The team behind Coinmine insists that making a guaranteed return on investment is beside the point.
Nivi is cautious about giving out investment advice — “do whatever you want, that’s the whole point: individual sovereignty” — but he said it’s not worth emphasizing today’s exchange rates.
“This is the one solid piece of advice everyone in crypto shares: Don’t invest what you can’t afford to lose,” Nivi said. “That said, I strongly advise people to hold on to what they’re earning and wait for it to 10x, 100x, 1,000x.”
Norgard agrees that investors seeking a quick return should look elsewhere.
“Some people may get lost in this idea of, ‘Where’s the ROI? How does the math work out?’” Norgard said. “I think the most important thing is being able to put something in your living room to show you support the movement.”
Michel Rauchs, lead cryptocurrency researcher at the Cambridge Center for Alternative Finance, cautions aspiring miners that the computing power needed to unearth valuable amounts of cryptocurrency could make a consumer gadget like Coinmine’s a bit of a novelty.
“If you’re talking about the small machines that just mine a bit in the background the rewards are really minimal,” Rauchs said.
Nivi came up with the Coinmine concept after a frustrating experience trying to build his own crypto mining rig from scratch in the San Francisco apartment he shared with co-founder Lambert.
“I holed myself up for five days,” Nivi said. “The only time I would leave the house would be to go to Fry’s [Electronics] because I would buy the wrong component — it was a nightmare even for someone who knows how to do this stuff.”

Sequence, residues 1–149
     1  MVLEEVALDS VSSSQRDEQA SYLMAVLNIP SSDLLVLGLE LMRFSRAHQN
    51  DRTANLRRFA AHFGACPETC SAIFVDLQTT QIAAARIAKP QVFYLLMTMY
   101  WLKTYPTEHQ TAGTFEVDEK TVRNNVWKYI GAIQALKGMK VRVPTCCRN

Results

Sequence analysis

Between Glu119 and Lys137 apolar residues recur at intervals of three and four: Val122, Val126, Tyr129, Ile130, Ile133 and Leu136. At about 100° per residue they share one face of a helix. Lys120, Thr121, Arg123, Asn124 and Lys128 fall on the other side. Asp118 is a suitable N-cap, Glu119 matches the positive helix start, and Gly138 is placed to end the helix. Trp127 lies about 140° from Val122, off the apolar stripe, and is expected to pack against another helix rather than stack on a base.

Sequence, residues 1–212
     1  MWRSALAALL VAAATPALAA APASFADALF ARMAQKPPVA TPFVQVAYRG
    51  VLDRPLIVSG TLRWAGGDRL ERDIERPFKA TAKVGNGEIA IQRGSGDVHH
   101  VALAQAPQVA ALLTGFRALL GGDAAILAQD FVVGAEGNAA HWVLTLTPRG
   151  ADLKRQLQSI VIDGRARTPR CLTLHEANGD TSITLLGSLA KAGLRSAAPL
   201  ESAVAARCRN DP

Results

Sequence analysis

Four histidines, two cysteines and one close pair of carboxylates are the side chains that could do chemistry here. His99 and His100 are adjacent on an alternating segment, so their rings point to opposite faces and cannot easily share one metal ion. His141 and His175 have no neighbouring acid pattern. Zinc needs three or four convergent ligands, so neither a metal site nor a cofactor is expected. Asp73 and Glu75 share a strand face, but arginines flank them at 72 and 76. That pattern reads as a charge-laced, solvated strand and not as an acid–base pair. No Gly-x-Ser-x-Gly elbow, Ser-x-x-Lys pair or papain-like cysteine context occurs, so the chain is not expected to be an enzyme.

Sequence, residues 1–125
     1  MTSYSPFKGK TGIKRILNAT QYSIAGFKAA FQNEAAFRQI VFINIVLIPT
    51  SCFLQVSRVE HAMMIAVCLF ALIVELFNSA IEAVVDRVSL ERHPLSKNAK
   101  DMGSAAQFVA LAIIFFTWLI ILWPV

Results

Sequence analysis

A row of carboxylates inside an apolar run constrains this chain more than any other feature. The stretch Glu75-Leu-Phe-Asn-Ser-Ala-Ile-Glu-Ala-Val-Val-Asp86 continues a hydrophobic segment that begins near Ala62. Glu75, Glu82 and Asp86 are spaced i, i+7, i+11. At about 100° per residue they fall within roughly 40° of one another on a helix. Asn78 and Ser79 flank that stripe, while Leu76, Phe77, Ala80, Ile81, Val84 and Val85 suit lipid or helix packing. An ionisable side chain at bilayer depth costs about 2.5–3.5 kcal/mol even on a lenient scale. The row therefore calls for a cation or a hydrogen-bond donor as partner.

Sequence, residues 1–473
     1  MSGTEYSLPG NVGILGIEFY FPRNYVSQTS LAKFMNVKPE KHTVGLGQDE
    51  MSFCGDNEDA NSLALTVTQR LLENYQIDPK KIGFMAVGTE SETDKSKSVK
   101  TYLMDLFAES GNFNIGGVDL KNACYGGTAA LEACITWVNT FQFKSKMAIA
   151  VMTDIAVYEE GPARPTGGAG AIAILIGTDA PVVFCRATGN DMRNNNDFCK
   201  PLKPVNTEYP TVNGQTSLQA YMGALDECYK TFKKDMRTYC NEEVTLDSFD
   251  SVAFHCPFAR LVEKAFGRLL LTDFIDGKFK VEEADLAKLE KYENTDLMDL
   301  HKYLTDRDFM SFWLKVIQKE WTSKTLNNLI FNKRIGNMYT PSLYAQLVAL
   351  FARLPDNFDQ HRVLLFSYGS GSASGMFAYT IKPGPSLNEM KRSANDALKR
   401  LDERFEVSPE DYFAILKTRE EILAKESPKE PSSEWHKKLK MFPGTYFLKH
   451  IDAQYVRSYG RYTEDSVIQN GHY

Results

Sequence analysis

Once the rig was up and running, Nivi said, he and roommate Lambert came up with the basic concept for the Coinmine over sushi: “What if Apple made a crypto device?”
Premade consumer models were already on the market, but most cost thousands and generate a significant amount of heat and noise to keep processors running and cooled.
Nivi set out to design a user-friendly app and a Linux-based operating system, while Lambert used a 3-D printer to create cases and checked hardware specs to find the right balance of power, efficiency, noise and cost to make an esoteric task appealing to a mass audience.
The end result looks like a small PC or a souped-up cable box.
The company plans to send out regular updates to the Coinmine operating system, both to keep up to date with the shifting blockchains underlying the cryptocurrencies it supports at launch and to add new cryptocurrencies as they come online.
The sales pitch to potential miners isn’t necessarily “get rich quick.” But seeing digital holdings pile up makes it all worthwhile, Norgard said.
“Before Tinder, online dating was this very tedious process, but swiping right and left turned it into a fun consumer game,” Norgard said. “These are dopamine engines — I check my [Coinmine] app every single day.”